\[S^r_{F,c} = \frac{S_{F,c}}{\sum_F S_{F,c}}\]

Computing this metric accross all food categories, then sorting the values in non-ascending order yielded a list of the most relatively enriched compounds in each food family. I’ve summarized the most enriched compound in each food category in the table below. A value of 1.0 means the compound was only found in that food category.

Food Category Most Enriched Compound \(S^r_{F,c}\)
Animal Foods 4-Hydroxyproline 0.446359
Aquatic Foods Eicosapentaenoic acid 0.926140
Baby Foods beta-Lactose 0.945600
Baking Goods Caffeic acid ethyl ester 1.0
Cocoa Products Theophylline 0.988216
Coffee Products 4-Feruloylquinic acid 0.999425
Eggs Arachidonic acid 0.730055
Fats and oils Vaccenic acid 0.916681
Fruits Cyanidin 3 1.0
Gourds Kynurenine 0.971037
Herbs and Spices Luteolin 7 1.0
Milk Products D-Tryptophan 0.997252
Nuts N-Dodecane 1.0
Snack foods D-Galactose 0.387740
Soy Formononetin 0.998967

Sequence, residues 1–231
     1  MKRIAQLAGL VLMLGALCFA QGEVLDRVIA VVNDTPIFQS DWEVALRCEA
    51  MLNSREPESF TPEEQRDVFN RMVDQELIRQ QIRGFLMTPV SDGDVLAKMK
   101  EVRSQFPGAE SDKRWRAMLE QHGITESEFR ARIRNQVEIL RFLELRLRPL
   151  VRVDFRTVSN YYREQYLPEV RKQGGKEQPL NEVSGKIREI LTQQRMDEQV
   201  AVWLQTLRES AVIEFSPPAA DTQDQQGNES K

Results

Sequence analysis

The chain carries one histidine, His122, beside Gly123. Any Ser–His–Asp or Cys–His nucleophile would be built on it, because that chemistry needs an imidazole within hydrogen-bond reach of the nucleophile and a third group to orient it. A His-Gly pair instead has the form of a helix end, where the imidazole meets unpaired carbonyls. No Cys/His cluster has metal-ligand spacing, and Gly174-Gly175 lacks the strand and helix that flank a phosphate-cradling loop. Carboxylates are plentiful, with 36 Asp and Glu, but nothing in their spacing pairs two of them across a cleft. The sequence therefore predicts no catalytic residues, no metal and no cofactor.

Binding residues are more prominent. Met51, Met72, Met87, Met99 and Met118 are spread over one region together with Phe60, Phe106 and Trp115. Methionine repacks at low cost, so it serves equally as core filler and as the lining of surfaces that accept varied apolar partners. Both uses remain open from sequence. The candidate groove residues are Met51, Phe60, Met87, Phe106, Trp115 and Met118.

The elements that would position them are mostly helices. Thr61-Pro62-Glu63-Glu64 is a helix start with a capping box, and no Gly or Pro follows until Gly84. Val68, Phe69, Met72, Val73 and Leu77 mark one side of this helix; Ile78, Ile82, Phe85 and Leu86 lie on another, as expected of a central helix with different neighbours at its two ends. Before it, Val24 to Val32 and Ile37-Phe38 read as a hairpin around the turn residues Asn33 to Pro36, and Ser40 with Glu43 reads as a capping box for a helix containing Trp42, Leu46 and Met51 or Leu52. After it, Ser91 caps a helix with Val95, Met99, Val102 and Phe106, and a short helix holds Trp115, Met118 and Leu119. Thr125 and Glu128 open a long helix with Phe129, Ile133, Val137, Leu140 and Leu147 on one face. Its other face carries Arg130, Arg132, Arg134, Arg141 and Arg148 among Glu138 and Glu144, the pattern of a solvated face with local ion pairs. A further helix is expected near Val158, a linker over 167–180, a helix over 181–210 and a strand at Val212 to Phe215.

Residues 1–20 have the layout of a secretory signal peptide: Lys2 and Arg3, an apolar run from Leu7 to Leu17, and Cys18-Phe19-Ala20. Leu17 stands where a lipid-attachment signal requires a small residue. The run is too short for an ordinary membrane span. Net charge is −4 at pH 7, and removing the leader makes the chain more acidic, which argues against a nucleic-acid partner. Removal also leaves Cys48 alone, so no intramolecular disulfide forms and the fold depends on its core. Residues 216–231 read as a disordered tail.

Tea Theaflavin 1.0
Vegetables Isoorientin 1.0

Relative Compound Enrichment at the Food Item Level

Now that we’ve identified some commonly enriched compounds, it seemed interesting to me to flip the perspective and identify the individual foods that are most relatively enriched with respect to a set of target compounds of interest. To visualize this information, I once again built a per-compound graph where each node represents a food item, but this time I decided to draw an undirected edge between two food items if they belong to the same food category. Finally, node size is representative of the relative compound enrichment in each food item. This visualization allows us to quickly see which food items and food families are relatively enriched in each target compound.

Here is the graph for sugar compounds. As you would expect, the largest nodes correspond to foods such as chocolate, candies and some fruits.

Fig 3. Relative food enrichment graph for sugar compounds

Below, I’ve provided download links to the food enrichment graphs of some other compounds that I tested.

Compound Link
Cholesterol Download Link
Lactose Download Link
Maltose Download Link
Nitrogen Download Link
Retinol Download Link
Sodium Download Link
Sucrose Download Link

Compound-Centric View